Trigger event/conversion events
The main reason investors use convertible notes to invest in a startup is that their investment converts into shares at certain events, most commonly:
- A ‘qualifying round’ (where the company raises a round of equity investments through the issue of shares to investors) or;
- An ‘exit event’ (where a company sells its shares and assets or lists on a stock exchange).
- The ‘maturity date’ (when the loan amount must be repaid or converted if another trigger event has not occurred);
A qualifying round is an equity capital raise where the company issues shares to the investor in return for their money. Typically, for a qualifying round to be a conversion event, it must be of a particular size (e.g. a minimum of $500,000 total investment).
An exit event is where the business is sold, and covers a range of different scenarios including:
- an asset sale (i.e. when someone purchases some or all of the company’s plant and equipment, land, buildings, machinery, stock, goodwill, contracts, intellectual property, etc),
- a share sale (i.e. when someone purchases the shares in the company); or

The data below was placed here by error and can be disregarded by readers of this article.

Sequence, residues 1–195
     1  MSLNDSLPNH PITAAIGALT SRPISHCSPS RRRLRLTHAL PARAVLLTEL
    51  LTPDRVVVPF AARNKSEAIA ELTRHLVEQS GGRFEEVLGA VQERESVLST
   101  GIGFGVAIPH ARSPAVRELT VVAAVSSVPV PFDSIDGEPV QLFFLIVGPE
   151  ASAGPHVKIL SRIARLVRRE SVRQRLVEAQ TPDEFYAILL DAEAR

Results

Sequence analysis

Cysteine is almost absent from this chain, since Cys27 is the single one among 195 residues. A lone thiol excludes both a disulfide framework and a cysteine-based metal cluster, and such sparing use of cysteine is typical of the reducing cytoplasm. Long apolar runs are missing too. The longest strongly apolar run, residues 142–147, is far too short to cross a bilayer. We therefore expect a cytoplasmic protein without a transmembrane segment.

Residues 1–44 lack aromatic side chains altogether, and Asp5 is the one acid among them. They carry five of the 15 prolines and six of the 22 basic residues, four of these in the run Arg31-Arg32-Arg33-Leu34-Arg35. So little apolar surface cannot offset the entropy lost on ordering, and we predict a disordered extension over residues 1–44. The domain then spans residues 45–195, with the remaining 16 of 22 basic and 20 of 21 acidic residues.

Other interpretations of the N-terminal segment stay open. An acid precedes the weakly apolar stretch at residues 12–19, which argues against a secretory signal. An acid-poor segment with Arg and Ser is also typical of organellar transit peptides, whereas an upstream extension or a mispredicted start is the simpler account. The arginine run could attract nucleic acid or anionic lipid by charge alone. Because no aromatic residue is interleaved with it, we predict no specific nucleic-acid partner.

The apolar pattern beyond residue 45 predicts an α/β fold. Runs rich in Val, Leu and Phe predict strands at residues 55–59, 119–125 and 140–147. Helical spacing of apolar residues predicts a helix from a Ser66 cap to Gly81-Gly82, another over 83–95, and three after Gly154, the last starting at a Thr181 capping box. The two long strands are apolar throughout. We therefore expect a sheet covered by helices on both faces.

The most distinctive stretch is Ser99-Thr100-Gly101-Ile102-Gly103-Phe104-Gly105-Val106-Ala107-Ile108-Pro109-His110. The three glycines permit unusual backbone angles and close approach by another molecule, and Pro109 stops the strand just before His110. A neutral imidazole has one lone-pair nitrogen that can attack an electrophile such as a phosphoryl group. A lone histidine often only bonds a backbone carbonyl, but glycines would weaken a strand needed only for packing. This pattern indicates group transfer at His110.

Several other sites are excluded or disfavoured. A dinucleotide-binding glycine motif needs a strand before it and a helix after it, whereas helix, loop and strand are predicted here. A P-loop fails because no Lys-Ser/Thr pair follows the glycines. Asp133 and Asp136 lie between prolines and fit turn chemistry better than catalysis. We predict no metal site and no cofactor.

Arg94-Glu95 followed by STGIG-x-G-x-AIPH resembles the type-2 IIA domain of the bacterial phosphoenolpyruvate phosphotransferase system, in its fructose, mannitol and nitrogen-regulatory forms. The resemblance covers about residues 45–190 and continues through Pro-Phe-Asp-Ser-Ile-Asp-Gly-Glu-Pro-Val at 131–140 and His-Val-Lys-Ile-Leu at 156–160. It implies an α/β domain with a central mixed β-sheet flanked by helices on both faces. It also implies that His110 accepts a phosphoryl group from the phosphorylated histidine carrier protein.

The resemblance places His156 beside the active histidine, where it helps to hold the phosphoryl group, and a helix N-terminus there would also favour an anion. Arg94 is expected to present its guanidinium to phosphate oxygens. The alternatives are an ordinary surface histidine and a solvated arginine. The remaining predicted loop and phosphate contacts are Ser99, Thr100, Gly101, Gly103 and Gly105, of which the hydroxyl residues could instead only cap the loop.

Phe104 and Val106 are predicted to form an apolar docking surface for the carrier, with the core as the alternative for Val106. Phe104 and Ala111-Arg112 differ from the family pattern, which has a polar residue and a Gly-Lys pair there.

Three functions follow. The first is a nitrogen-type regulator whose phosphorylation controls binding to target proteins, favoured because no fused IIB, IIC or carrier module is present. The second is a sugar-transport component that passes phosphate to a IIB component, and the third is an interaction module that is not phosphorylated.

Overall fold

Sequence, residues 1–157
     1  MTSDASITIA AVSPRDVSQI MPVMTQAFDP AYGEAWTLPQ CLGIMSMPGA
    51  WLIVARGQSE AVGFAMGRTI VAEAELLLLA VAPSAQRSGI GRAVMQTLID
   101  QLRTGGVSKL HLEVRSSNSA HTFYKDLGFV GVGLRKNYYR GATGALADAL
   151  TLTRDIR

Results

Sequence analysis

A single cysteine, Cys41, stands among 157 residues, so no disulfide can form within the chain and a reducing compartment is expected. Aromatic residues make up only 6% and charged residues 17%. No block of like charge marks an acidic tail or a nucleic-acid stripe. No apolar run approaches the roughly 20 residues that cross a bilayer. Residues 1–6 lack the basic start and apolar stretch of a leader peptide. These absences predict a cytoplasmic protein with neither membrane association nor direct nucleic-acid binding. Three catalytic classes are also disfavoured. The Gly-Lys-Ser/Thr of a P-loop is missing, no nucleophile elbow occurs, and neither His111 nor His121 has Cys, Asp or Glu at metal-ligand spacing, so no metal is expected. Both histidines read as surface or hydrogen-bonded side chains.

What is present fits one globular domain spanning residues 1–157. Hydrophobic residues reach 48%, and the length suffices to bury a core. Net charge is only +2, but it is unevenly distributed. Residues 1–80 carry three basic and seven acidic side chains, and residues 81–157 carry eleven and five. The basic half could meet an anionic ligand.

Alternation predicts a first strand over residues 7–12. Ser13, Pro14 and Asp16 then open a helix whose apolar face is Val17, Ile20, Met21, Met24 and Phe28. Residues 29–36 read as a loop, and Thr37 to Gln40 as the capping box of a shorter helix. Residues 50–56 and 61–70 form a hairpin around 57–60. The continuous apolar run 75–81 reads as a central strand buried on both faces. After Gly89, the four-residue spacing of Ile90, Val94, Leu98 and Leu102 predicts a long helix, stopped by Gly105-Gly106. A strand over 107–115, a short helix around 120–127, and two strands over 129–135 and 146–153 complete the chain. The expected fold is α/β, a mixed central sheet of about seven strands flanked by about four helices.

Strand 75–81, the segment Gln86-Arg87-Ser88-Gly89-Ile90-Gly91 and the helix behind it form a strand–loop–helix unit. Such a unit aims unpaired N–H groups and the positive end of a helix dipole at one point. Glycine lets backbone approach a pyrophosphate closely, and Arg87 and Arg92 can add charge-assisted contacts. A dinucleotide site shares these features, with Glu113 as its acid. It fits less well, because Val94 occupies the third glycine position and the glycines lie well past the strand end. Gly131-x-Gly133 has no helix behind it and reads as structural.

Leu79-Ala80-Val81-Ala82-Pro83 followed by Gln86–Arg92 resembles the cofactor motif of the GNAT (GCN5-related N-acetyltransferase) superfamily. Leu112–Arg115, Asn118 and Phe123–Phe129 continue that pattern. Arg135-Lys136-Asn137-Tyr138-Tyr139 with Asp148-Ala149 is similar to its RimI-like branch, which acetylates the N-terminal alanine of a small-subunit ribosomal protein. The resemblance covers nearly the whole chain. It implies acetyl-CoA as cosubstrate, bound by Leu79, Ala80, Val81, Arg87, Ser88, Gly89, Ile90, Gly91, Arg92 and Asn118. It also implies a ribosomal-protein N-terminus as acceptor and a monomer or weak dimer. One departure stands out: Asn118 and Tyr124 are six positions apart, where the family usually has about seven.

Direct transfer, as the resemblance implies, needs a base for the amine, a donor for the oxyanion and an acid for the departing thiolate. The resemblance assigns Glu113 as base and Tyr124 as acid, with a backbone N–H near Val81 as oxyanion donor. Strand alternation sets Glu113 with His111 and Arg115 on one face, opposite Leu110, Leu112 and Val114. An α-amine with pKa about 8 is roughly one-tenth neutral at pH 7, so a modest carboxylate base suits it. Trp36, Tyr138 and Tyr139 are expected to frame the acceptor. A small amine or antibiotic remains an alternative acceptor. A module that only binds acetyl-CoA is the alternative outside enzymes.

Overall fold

- an initial public offering (IPO) (i.e. when the company is publicly listed for the public to purchase).
Maturity is a future date by which the investor expects to have either received their shares or had their money paid back. Some convertible notes will specify that the notes automatically convert into shares at maturity, while others will provide an option for either party to decide whether the investment is repaid or converted at a pre-agreed method specified in the convertible note terms.
In the event that the notes do not convert into shares under a qualifying round or exit event, it is also the date for which the company must repay the investment account. Usually, the maturity date is set for a few years in the future, and assumes that another trigger event, such as an exit event or qualifying round will occur before it.
When a conversion event occurs, the investor receives the number of shares equal to their investment amount (including interest) at a discount. The discount is usually between 10-20%, and together with the investment amount, this is known as the conversion price.